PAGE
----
Help your child manage anxiety about school violence

In an illustration, a mother kneels to comfort her young daughter outside a school.
When discussing school violence, parents should adjust language to what children can manage. (Image: AdobeStock/Boston Children's)

With news of school shootings and other violence often reaching children, parents sometimes grapple with how to help their child cope with fear and stress. We asked Erica Lee, PhD, a psychologist in the Department of Psychiatry and Behavioral Sciences at Boston Children’s, to offer suggestions on how you can ensure your child feels safe and comfortable going to school.

Plan how you will talk to your child

First, consider what you’d like your child to know. This will vary by their age, emotional capacity, and ability to understand the world. It helps to keep things direct but basic. Sometimes parents feel like they’re sugarcoating if they tell their child they will be safe. But horrific events like school shootings are very rare, and the vast majority of children are safe when they go to school. Yet, you don’t want to lie to your child and act as if school shootings haven’t happened if they know they actually have. Validate their reactions, adjust your language to what they can manage, and reassure them that school shootings are statistically rare.

Be a source of information and assurance

Encourage your child to use you as a primary source of information. Ask if they have questions, what they’re unsure about, or what doesn’t make sense. If you don’t know the answer, it’s okay to tell them you’re unsure and that you’re going figure it out together. For older children, ask what they’ve heard from friends or seen on social media. This offers them a way to share what’s on their mind and process upsetting news with you. It also helps you check whether they’re picking up accurate information. 

For younger kids, keep it simple and concrete. Don’t go into detail. Reinforce the idea that some people do bad things, but most people are good. Use examples from your child’s life that resonate with them. If your child isn’t old enough to understand school shootings but is generally aware something scary happened, you can limit the conversation to how sometimes the world isn’t safe but you, their teachers, and other caring adults are working all the time to make their world safer.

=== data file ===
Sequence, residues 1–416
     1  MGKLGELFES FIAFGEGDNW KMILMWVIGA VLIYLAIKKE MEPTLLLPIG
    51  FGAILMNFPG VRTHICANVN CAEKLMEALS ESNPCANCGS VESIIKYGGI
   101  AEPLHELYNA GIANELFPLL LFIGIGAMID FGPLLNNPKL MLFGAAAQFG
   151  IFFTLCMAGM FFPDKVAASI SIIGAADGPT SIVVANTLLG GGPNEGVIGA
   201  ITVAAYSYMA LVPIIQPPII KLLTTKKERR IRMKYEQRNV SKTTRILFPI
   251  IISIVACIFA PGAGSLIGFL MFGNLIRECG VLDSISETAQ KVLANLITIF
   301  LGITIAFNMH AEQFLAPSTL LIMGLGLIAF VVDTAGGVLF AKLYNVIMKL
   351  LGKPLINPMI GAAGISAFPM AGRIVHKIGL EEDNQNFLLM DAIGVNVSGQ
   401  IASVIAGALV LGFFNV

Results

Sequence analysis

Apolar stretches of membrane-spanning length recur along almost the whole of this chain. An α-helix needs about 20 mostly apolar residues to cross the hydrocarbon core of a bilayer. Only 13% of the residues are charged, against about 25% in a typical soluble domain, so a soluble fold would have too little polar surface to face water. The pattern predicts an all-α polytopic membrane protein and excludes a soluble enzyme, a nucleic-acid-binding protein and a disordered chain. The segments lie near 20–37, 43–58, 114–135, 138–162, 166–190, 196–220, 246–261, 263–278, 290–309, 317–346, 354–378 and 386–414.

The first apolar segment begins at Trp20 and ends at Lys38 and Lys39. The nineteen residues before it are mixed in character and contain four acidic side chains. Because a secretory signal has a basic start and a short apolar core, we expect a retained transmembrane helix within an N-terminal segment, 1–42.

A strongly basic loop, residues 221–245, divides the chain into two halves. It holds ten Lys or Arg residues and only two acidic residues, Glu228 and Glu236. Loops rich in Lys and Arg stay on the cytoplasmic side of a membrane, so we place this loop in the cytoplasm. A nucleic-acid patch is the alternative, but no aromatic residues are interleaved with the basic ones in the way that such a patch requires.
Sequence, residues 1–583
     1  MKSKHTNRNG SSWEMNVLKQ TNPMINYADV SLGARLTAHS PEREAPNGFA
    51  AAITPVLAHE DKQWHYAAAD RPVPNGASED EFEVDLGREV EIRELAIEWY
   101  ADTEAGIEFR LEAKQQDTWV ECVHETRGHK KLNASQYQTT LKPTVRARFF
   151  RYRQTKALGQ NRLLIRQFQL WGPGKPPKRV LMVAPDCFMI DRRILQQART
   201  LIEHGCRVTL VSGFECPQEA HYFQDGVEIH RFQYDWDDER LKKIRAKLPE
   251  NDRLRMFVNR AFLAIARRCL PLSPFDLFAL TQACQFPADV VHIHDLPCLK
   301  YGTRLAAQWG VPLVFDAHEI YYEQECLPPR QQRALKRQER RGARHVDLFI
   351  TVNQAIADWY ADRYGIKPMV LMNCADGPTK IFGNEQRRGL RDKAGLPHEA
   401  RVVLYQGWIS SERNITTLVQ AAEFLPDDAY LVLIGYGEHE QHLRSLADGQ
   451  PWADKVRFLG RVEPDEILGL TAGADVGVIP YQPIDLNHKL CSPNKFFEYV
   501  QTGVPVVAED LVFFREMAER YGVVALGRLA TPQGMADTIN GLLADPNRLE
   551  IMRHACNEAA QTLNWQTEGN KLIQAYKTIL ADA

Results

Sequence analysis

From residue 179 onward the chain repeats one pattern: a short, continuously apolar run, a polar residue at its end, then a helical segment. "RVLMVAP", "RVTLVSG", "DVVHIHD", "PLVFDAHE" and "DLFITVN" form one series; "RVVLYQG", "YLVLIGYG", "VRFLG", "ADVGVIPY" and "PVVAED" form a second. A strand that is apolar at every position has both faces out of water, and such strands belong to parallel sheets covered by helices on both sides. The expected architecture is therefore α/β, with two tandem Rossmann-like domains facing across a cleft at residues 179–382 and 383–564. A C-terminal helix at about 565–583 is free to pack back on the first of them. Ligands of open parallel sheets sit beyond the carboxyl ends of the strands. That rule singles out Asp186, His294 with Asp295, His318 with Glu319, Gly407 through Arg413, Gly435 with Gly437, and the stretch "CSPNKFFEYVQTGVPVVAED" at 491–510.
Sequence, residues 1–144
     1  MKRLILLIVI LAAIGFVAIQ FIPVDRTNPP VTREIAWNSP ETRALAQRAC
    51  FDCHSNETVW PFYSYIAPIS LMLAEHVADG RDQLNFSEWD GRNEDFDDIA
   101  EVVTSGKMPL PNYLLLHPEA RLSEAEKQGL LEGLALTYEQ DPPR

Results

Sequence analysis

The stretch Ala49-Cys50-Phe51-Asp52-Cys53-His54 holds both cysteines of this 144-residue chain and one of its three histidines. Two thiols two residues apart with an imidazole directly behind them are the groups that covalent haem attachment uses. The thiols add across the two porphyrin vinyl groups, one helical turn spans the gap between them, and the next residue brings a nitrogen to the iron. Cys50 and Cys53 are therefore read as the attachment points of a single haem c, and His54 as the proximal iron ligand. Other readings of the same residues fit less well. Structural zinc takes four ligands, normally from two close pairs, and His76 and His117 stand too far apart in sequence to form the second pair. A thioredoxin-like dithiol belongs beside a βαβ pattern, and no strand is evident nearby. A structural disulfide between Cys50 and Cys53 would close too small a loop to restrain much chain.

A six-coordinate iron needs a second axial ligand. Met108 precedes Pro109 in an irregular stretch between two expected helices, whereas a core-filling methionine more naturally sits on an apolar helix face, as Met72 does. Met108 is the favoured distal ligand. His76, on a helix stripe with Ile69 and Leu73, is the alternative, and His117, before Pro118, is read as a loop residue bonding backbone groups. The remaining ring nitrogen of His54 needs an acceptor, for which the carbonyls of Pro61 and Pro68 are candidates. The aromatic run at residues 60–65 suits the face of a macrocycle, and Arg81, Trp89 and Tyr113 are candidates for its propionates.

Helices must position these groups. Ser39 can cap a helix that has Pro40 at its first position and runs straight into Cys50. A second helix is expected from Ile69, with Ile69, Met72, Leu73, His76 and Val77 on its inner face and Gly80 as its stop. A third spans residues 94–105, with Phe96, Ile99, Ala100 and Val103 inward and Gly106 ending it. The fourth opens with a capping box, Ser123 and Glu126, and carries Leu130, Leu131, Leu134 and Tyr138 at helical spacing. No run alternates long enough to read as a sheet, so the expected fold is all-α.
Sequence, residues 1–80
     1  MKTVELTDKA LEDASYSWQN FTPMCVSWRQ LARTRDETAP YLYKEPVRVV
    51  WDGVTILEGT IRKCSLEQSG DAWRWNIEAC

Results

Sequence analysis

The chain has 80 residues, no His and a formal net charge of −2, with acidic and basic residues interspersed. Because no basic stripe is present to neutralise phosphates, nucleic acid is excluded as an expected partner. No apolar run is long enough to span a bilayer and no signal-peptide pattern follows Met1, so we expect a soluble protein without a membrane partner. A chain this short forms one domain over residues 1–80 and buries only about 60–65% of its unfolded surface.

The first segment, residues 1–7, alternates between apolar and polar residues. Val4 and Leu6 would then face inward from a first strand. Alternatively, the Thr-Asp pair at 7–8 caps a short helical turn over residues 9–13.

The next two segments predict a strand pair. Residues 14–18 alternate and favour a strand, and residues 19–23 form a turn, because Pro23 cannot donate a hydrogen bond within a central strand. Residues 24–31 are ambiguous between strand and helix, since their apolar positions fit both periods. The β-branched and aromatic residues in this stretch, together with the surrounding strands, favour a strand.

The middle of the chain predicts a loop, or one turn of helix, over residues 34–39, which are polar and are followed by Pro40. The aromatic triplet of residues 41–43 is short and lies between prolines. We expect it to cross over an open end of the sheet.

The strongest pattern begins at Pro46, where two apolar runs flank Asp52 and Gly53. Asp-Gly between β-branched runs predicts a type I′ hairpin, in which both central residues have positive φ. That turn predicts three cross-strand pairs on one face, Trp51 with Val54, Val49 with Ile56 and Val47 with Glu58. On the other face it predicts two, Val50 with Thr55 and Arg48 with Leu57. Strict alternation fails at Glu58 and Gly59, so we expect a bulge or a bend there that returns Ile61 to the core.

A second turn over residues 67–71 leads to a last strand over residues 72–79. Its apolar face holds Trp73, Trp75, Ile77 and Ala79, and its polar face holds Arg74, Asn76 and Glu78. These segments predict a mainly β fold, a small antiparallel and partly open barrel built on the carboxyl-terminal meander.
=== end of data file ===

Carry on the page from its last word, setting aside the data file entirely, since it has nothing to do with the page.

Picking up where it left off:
Manage their intake of news

Limit your child’s exposure to news, especially right after an incident. News reporting can include too many details for children. And the rehashing of the same facts can make school shootings and violence seem more common than they are. You can, however, use the news to your family’s advantage. If your child is older and can digest the information, watch the news with them. That gives you a chance to talk about it, assess their understanding, and offer comfort.

Help build support for your child at their school 

Learn about safety plans at your child’s school. Don’t hesitate to ask school officials for more information or clearer details, if necessary. If your child is anxious about attending school or having a hard time getting through the day, consider working with their school counselor to help your child practice coping skills. You can also help your child identify a trusted adult they can go to if they feel unsafe. 

Remember to take care of yourself, too

These events are deeply upsetting for everyone, especially parents. It can be easy to neglect your own needs. Be sure to check in with yourself. Make space for your feelings and take time to process your own reactions. Try to engage in healthy coping practices, such as going for a walk, talking to a friend, or practicing meditation. Taking care of your own needs allows you to model healthy coping to your family. 

Learn more about the Department of Psychiatry and Behavioral Sciences at Boston Children’s Hospital. 

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